Positive feedback is a typical technique for distributing hysteresis around a comparator, provided that you have a resistive path between the comparator's output and the noninverting input. Positive feedback forms two threshold voltages that have (or assume) fixed values. In addition, they depend on the saturation values of the comparator's output stage. Plus, the load conditions affect their accuracy. The circuit in Figure 1
provides an alternative for applications requiring a comparator with hysteresis that has precise thresholds that you can easily and independently set. The circuit includes two inverting and noninverting threshold comparators whose outputs directly drive a set/reset latch. You can use a latch with either active-low or active-high inputs.
You can generate the positive and negative threshold voltages using a precision voltage reference that powers a resistor divider (not shown) or by driving the inputs with DACs if you need a digitally programmable comparator. The circuit's high input impedance facilitates this task. Because of its hold state, the latch nullifies the effects of frequent switching on the comparator's outputs due to noise on the input signal. The circuit thus acts as a Schmitt trigger even if there is no positive feedback. The latch introduces a propagation delay that's normally a few tens of nanoseconds and is negligible in low- to medium-speed applications. Because the latch has complementary outputs, the circuit provides a noninverting characteristic on the Q output and an inverting characteristic on the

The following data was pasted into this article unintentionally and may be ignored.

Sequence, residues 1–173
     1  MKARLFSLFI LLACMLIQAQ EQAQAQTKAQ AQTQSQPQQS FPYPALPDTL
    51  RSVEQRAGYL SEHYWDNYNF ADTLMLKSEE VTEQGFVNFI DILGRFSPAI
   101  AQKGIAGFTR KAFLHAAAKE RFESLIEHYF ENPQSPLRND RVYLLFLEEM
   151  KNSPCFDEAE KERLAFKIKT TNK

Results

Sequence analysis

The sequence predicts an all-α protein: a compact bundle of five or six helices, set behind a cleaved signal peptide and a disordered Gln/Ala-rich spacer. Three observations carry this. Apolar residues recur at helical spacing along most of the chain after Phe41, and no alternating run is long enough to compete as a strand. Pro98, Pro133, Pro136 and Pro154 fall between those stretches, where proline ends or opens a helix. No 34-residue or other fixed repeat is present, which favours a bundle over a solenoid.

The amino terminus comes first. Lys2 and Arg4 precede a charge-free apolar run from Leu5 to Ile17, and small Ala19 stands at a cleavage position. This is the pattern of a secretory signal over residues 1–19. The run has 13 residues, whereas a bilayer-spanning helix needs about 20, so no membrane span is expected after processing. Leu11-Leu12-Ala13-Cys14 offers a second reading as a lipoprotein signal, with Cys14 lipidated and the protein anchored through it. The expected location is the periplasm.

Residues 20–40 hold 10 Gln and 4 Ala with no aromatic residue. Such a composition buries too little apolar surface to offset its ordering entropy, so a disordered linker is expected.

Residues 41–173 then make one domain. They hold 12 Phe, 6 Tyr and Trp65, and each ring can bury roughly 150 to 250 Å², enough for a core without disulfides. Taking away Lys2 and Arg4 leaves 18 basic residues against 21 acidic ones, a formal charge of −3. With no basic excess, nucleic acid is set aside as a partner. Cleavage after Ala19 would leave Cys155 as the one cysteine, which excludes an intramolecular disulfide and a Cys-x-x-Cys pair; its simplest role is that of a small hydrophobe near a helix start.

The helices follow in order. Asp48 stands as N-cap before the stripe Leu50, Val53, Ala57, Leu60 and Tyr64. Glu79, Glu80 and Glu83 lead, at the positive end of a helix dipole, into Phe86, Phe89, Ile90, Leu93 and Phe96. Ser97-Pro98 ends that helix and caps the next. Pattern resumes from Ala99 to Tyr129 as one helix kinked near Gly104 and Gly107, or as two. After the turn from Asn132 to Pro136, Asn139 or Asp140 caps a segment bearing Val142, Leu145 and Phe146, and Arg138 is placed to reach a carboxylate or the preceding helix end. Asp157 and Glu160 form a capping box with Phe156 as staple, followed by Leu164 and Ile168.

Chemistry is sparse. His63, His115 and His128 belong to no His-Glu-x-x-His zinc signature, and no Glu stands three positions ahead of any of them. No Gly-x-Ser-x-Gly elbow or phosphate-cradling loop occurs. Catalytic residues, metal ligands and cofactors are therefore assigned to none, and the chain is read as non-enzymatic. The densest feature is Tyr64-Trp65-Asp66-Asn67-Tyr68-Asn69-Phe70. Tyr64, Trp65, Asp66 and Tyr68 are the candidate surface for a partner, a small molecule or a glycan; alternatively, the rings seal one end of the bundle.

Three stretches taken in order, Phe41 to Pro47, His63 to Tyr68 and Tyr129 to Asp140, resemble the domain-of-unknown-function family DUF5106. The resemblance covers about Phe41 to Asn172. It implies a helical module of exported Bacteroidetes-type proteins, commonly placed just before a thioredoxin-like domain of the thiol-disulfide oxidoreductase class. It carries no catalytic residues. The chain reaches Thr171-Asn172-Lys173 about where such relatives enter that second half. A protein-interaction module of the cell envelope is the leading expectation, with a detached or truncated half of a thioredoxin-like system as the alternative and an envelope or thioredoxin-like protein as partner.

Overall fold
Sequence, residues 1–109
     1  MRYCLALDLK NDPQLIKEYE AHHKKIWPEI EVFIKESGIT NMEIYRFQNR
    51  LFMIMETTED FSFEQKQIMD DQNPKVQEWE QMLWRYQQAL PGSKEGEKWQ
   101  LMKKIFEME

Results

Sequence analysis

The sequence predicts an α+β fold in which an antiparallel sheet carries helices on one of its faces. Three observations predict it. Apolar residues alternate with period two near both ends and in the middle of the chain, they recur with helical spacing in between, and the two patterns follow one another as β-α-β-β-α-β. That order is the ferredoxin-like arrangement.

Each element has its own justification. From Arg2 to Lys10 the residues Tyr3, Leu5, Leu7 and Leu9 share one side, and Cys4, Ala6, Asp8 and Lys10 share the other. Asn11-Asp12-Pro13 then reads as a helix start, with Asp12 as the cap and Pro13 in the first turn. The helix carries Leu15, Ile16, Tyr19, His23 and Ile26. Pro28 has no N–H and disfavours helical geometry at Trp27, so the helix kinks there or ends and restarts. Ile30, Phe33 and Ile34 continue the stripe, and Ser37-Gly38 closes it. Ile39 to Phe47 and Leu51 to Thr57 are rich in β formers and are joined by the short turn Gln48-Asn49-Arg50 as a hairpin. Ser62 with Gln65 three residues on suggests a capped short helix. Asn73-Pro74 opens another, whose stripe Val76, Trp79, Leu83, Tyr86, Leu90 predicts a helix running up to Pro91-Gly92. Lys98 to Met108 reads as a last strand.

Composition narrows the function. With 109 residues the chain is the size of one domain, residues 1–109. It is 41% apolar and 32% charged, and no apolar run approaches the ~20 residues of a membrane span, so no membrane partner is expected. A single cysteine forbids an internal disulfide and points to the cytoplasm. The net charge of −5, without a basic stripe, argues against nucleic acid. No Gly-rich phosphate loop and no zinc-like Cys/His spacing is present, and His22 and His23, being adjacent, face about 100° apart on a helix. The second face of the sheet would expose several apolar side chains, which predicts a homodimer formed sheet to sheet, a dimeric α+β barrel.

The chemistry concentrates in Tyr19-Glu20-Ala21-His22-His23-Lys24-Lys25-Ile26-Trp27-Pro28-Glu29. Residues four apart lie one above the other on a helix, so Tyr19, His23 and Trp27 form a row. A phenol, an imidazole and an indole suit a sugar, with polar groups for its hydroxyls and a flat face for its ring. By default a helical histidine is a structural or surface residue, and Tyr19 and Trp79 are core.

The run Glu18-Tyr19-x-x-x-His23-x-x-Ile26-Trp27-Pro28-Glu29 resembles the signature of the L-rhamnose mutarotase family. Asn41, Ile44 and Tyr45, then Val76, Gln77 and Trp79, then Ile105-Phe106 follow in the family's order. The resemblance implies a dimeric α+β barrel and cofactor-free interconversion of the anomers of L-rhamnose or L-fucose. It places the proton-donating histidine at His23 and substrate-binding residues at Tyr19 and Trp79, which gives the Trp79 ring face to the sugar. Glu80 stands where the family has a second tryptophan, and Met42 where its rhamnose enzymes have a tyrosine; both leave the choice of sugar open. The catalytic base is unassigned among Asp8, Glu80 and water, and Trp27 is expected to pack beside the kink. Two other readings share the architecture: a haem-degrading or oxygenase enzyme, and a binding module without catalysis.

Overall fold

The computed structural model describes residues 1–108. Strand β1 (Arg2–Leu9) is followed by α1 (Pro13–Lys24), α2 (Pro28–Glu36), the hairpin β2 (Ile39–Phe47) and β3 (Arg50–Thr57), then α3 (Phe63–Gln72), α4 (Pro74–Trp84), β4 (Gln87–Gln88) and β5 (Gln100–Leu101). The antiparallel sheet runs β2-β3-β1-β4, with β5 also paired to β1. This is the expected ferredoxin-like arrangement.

output (Figure 1a
and Figure 1b
Some integrated latches have only the Q output. If you need an inverted output, you need only to exchange the comparator outputs with the latch inputs for both circuits; the upper comparator drives the reset input, and the lower comparator drives the set input. You can use open-collector or open-drain comparators to process bipolar or positive signals higher than the supply voltage of the latch. You can easily interface them without using clamping diodes. You must add only a pullup resistor that the logic supply powers.
The circuit uses IC1, an STMicroelectronics dual micropower comparator with a push-pull output stage. In this case, the supply voltage must be the same as that for the latch.